Recruiting and retaining home care workers in the UK is now more challenging than it has ever been, according to a survey of providers.
The survey, conducted by United Kingdom Homecare Association (UKHCA) on 140 providers last week, found that the COVID-19 crisis has exacerbated the longstanding issues of recruitment and retention in the sector, with demand for services rising and more people leaving the sector due to low pay and burnout.
More than half (62%) of respondents said the recruitment of home care workers over the last two months has been harder than it has ever been, while 29% said they have found the task more challenging than before the pandemic.
Difficulty retaining home care workers is particularly worrying, with two thirds (66%) of providers reporting that more members of staff are leaving their roles than before the pandemic, or “more often than they could ever remember”.
Hardly anyone (4%) thought retention rates had improved since the pandemic hit.
When asked what is having the biggest impact on home care capacity, 37% of respondents said pay and unattractive terms and conditions; 22% said competition with other businesses; and 15% said COVID-19 policies, such as PPE, isolation and vaccines.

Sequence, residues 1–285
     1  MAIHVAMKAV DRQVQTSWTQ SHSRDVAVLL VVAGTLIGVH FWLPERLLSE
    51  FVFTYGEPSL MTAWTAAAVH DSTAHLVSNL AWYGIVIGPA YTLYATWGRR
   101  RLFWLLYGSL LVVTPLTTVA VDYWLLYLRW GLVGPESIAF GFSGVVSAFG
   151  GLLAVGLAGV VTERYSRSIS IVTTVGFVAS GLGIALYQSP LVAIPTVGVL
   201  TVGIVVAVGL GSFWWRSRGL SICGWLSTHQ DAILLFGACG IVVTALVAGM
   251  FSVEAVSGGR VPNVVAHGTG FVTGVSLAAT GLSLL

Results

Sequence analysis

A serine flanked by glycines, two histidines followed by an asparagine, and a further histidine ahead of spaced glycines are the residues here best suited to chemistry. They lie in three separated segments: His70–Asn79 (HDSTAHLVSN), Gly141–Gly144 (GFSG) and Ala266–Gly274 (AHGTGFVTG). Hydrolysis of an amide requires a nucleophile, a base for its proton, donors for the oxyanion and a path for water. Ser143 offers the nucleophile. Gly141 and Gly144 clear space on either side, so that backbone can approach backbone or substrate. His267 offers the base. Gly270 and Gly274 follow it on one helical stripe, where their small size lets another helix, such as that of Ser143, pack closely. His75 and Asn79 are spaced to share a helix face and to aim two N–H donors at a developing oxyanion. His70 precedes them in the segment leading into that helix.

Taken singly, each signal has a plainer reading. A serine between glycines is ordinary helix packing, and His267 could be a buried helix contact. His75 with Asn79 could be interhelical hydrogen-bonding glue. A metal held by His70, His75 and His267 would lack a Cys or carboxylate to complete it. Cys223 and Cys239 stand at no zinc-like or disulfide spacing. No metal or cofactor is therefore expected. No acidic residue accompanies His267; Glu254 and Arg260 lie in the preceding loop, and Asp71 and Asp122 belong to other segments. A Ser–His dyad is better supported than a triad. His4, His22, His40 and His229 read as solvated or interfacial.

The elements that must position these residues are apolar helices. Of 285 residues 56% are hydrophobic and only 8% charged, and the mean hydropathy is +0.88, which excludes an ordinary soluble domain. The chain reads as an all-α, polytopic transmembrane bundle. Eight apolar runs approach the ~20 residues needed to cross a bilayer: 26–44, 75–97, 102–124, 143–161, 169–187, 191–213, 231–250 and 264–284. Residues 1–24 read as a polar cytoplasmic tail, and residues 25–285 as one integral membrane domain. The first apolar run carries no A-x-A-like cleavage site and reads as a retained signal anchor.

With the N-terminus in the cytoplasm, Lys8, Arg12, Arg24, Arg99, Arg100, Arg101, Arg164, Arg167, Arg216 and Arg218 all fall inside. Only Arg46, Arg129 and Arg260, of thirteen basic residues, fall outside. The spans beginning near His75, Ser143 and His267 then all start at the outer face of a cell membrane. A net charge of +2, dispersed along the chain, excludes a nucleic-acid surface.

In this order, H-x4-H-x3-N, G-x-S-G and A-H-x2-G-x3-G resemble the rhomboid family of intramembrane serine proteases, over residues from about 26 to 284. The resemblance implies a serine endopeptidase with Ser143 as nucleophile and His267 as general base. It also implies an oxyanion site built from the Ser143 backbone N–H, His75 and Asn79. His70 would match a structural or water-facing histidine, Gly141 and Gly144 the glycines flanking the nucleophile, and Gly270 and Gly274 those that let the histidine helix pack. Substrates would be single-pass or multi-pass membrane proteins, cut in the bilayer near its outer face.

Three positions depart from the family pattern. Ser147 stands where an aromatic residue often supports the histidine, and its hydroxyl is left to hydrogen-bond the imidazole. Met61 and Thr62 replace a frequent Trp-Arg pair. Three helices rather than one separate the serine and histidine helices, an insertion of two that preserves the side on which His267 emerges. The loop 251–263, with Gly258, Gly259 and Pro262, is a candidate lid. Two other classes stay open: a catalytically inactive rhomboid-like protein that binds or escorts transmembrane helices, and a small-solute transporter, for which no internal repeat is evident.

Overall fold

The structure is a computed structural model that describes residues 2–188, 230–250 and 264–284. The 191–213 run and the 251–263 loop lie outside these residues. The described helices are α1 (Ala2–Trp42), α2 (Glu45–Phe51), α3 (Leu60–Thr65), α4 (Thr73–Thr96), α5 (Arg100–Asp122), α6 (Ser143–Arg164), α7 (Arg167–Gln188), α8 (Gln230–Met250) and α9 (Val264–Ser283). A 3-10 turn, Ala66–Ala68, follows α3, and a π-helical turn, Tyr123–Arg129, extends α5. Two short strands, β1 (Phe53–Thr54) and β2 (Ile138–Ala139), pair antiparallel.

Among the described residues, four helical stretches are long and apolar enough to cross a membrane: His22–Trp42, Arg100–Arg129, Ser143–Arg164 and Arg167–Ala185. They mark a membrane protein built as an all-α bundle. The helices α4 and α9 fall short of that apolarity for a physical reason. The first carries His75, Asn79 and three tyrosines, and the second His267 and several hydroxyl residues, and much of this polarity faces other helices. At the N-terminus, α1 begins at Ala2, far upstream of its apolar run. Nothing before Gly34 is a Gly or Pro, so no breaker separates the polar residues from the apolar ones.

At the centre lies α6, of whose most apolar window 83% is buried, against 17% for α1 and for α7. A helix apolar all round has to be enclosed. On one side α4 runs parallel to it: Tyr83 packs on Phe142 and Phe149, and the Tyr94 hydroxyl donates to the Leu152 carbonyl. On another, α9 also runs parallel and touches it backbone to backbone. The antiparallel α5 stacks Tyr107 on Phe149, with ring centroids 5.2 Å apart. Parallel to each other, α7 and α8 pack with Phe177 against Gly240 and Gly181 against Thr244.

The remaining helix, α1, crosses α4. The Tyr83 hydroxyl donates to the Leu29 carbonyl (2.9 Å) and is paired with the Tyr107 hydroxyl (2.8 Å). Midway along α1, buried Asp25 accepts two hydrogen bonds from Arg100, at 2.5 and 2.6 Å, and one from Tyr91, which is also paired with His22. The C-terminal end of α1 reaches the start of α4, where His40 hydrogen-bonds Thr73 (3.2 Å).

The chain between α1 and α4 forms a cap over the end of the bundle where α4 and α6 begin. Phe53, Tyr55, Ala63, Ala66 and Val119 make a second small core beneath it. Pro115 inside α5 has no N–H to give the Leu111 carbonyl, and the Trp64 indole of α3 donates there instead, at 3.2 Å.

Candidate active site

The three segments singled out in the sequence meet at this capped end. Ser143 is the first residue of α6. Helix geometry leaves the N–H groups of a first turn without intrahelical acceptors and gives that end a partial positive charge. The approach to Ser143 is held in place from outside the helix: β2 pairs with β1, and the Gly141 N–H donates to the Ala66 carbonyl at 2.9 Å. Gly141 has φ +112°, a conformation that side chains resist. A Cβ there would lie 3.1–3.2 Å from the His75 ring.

Just over one in 10 providers (12%) blamed Brexit and/or migration policies for problems with recruitment and retention, and 13% said exhaustion was causing more care workers to leave the sector.
Gemma Bristow, a registered manager at Radfield Home Care (Wakefield and Dewsbury) told Home Care Insight: “We have found recruitment to be very slow over the last few months. I know it’s the same across our network in other parts of the country as I speak to other managers regularly.
“It could be due to fear of working with vulnerable people when COVID is a big risk to them. A lot of other sectors are also struggling. I have heard recently that lorry drivers and the hospitality sector are putting pay up to help encourage people to work in the sector. I think pay is a big factor and always will be. Care staff have a huge responsibility and their pay does not reflect this.”
Three quarters (75%) of UKHCA survey respondents also revealed that demand for services had increased, or significantly increased, in the last two months. Fifteen percent of providers said demand had stayed the same, while 10% said it had reduced.
Commenting on the findings, UKHCA policy director Colin Angel told HCI: “We need a well-supported home care sector which has sufficient capacity to provide the services we expect to be available when we need them. Our findings suggest this is an urgent issue for central government, and commissioners of social care in councils and the NHS.”
The home care providers taking part in the survey represented a cross-section of different size businesses across state-funded (45%) and private purchase markets (34%) or both (21%).